By James A Fok
Coming out of a period of social unrest and the pandemic, Hong Kong is gearing up to recover lost ground. But doubts loom about the city’s ability to retain and strengthen its long-held role as an international financial center, especially in the context of the US-China great power rivalry. Financial advisor James A Fok, author of the book, Financial Cold War, weighs in on how Hong Kong’s resilient financial markets can exploit the city’s advantages to shore up its position in global finance and what it needs to do to overcome the challenges ahead.
Champagne corks were popping all over Hong Kong following the September 23 announcement by the government that it was scrapping compulsory quarantine for inbound travellers. The restrictions, in effect for 915 days, had exacted a heavy toll on the economy and morale in the Chinese special administrative region (SAR), whose second largest industry before Covid-19 had been tourism. As the city’s retailers and restauranteurs, as well as its flagship airline Cathay Pacific, can start to look forward to a return to normality, however, questions over the future of Hong Kong’s largest industry – financial services – linger.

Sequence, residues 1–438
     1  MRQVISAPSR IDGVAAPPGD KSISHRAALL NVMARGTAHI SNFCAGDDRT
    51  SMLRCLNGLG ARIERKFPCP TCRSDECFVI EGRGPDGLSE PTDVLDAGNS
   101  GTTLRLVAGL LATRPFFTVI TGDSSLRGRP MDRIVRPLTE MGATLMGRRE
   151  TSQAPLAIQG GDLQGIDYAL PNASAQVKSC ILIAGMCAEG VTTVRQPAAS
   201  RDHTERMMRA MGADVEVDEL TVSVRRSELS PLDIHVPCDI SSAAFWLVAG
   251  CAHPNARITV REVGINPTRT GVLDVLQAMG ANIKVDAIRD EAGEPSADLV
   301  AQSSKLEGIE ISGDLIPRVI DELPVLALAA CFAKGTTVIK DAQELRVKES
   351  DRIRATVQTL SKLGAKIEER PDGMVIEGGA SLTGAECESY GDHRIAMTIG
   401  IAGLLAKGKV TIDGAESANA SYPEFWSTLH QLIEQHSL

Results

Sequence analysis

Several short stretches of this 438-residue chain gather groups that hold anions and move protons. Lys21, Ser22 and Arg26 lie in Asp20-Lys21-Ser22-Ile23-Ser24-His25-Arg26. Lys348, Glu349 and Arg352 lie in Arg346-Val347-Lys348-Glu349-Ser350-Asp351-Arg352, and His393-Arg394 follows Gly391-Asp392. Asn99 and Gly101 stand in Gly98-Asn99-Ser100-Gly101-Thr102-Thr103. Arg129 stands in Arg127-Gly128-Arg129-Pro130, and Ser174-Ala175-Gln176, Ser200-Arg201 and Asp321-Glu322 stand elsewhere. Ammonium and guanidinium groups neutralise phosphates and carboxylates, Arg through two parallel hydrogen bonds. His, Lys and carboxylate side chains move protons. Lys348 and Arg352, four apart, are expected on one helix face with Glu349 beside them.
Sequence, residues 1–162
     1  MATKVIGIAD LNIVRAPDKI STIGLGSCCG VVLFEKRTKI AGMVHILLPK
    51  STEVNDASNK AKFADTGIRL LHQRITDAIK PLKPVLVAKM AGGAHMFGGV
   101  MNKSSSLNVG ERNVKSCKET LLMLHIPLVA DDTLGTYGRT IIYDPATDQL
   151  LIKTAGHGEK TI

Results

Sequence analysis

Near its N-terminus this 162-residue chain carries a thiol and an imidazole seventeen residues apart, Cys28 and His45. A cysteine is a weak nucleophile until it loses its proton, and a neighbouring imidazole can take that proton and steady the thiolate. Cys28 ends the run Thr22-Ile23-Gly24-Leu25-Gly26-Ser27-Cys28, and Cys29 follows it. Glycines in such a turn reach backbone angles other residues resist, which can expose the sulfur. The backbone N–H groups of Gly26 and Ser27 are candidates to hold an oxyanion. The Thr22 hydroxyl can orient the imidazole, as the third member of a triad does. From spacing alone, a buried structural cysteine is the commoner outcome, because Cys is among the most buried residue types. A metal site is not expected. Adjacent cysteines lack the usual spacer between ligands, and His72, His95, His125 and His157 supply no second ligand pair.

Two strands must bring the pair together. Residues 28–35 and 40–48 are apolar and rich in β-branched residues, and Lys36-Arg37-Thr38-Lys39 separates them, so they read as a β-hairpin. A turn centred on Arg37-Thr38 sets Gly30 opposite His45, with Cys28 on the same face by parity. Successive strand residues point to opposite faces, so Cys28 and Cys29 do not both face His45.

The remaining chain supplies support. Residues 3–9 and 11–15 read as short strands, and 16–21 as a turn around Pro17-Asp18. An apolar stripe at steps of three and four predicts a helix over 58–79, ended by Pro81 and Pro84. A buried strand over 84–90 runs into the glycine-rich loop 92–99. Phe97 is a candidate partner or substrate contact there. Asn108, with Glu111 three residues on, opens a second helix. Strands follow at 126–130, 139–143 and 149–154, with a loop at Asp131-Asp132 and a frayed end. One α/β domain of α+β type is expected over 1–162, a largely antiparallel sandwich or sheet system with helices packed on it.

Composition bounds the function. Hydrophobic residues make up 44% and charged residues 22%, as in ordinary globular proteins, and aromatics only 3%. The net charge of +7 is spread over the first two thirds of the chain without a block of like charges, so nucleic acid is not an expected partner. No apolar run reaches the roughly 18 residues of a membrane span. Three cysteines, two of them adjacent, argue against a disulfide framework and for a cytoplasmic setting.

More than just a key pillar of its own economy, Hong Kong’s capital markets play a critical role in facilitating trade and investment between China and the rest of the world. But the SAR’s standing as an international financial center has in recent years suffered numerous blows, both self-inflicted and outside its control.
In some ways, it is remarkable how resilient Hong Kong’s financial markets have been. In the wake of widespread social unrest in 2019 and in the midst of a global pandemic, Hong Kong Exchanges and Clearing (HKEX), the city’s sole exchange operator, reported a record year for derivatives trading volumes and its second best-ever annual turnover in stocks in 2021. This is testament to Hong Kong’s unique advantages under the “one country, two systems” model governing the SAR since its return to Chinese sovereignty in 1997. Structural shifts in its internal and external environments, however, have created both significant challenges and huge new opportunities. If Hong Kong is to retain its status as a leading international financial center, then it must adapt to these changes and take proactive steps to prepare for the future.
What are the key changes in Hong Kong’s operating environment?
Hong Kong ascended the ranks of the world’s leading financial centers over the past three decades by serving as the principal venue for China’s offshore capital formation. Since the first listing of mainland Chinese H-shares in 1993, the city’s stock market capitalization has risen 18-fold from around US$250 billion to US$4.5 trillion, while average daily share turnover has surged more than 30-fold from under US$650 million to over US$21 billion in 2021.
The underlying drivers of this success were Hong Kong’s unique position as part of China but operating under an English common law system and internationally accepted regulatory standards, China’s massive capital import needs, and other factors such as the city’s sound financial infrastructure, strong pool of talent, and innovative spirit.